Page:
A California law raising the minimum wage of fast food workers to $20 an hour took effect on Monday, immediately taking a bite out of the bottom line of several major restaurant chains. Facing as much as a 25 percent increase in salary costs, franchises including Starbucks, McDonald’s, and multiple pizzerias are laying off hundreds of employees, slowing hiring, and cutting back on hours for the workers who remain.

Under the Fast Food Accountability and Standards (FAST) Recovery Act, fast food chains with 60 or more locations in the state of California (counted across individually owned franchises) are obligated to abide by the new wage laws. The previous average salary for food service workers in the state was $16.

According to The Wall Street Journal, pizza franchises were the hardest hit by the new salary requirements, leading to hundreds of job cuts ahead of the bill taking effect yesterday. In December, Pizza Hut informed more than 1,200 employees that they would be let go at the end of February, as did Southern California Pizza Co.

Both chains eventually discontinued delivery services in California altogether to cut the necessary number of jobs. Round Table Pizza, Excalibur Pizza LLC, and other pizza chains similarly announced impending job cuts, most of them for delivery drivers.

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“The franchisee is transferring their delivery services to third-party. While it is unfortunate, we look at this as a transfer of jobs,” said a statement from Round Table’s parent company. “As you know, many California restaurant operators are following the same approach due to rising operating costs. We anticipate third-party delivery providers in turn will see a boost in their businesses, which will require additional staff on their end.”

The new minimum wage laws also extend beyond the pizza industry, encompassing any businesses that “feature ice cream, coffee, boba tea, pretzels, or donuts,” as well as any that provide sweets and drinks, meaning McDonald’s, Auntie Anne’s Pretzels, Starbucks, and Cinnabon, must increase pay as well.

A California law raising the minimum wage for fast food workers to $20 an hour took effect on Monday, taking a bite out of the bottom line of major chains.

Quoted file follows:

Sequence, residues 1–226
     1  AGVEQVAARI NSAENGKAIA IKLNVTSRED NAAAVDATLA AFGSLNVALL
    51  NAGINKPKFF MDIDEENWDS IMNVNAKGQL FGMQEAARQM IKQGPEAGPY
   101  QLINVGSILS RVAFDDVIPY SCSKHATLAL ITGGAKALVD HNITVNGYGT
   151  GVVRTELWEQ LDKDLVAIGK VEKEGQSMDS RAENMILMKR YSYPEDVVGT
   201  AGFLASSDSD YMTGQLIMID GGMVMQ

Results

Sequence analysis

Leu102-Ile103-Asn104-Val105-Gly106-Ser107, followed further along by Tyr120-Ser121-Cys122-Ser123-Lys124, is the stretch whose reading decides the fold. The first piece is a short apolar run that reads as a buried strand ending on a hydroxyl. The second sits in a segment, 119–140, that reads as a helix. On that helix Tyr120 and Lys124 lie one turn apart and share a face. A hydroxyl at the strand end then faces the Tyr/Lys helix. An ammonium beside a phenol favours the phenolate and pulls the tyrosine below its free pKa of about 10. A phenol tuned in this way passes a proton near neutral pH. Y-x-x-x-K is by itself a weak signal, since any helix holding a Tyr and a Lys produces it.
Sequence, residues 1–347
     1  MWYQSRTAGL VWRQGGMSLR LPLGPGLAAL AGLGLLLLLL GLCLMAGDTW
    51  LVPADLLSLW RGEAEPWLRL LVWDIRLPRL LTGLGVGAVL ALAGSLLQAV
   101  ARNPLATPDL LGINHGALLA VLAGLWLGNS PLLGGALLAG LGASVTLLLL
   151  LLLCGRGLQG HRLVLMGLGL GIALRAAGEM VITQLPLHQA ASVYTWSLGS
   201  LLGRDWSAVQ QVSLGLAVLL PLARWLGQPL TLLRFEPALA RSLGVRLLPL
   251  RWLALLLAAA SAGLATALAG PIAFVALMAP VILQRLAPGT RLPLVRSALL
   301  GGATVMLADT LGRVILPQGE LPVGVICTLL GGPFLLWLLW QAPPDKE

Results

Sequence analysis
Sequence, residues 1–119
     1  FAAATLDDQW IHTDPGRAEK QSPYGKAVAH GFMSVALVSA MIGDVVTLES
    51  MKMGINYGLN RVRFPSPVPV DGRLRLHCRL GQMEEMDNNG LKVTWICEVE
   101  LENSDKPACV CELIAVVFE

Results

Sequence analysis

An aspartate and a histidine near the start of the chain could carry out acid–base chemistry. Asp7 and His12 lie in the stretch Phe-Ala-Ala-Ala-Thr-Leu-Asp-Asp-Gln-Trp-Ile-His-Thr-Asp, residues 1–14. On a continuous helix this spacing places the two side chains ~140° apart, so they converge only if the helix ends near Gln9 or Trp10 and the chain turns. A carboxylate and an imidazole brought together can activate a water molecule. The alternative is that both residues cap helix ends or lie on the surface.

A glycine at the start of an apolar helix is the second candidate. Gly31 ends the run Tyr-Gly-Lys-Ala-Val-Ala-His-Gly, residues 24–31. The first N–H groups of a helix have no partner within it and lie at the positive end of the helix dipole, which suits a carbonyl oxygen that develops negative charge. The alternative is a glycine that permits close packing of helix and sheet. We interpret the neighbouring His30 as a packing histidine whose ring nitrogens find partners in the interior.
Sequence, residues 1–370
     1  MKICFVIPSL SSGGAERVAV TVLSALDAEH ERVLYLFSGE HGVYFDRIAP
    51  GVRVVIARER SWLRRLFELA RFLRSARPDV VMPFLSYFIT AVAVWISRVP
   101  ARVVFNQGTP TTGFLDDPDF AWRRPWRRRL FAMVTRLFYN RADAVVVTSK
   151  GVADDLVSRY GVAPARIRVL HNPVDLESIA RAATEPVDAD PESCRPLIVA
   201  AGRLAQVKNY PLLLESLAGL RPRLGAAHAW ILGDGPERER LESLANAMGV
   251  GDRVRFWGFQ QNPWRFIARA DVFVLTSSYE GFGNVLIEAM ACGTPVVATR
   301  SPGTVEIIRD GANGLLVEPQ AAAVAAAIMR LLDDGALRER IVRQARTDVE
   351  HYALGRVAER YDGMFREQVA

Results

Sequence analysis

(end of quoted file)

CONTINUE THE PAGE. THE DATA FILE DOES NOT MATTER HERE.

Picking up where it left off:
(AP Photo/Damian Dovarganes, File)

However, a bizarre carveout was included in the bill exempting any restaurants that “bake bread and sell it as a standalone item.” Greg Flynn, a multi-billionaire restaurant franchisee with a monopoly on Panera Bread locations in California, was the primary beneficiary of this provision, raising questions about the legality of the law given his close ties to state Governor Gavin Newsom.

Related: Panera Bread Exempt from California $20 Minimum Wage After Owner Donates to Gavin Newsom

Newsom has since denied any impropriety and further claimed that Panera Bread will not benefit from the exemption.

Across all franchises, owners expressed concerns about passing higher costs on to customers, particularly in light of already-increased costs from inflation. As a result, substituting automated processes and outsourcing delivery work has become the most straightforward cost-cutting measure.

“I can’t charge $20 for Happy Meals. I’m leaving no stones unturned,” said Scott Rodrick, owner of 18 McDonald’s restaurants in Northern California.

“Restaurants are struggling to stay above water, and Democrats just threw them an anvil,” California Assembly Republican leader James Gallagher told FOX Business. “We warned Democrats this new mandate would cost jobs. They ignored us, and here we are with the highest unemployment rate in the country poised to get even worse.”

Connor Walcott is a staff writer for Valuetainment.com. Follow Connor on X and look for him on VT’s “The Unusual Suspects.”

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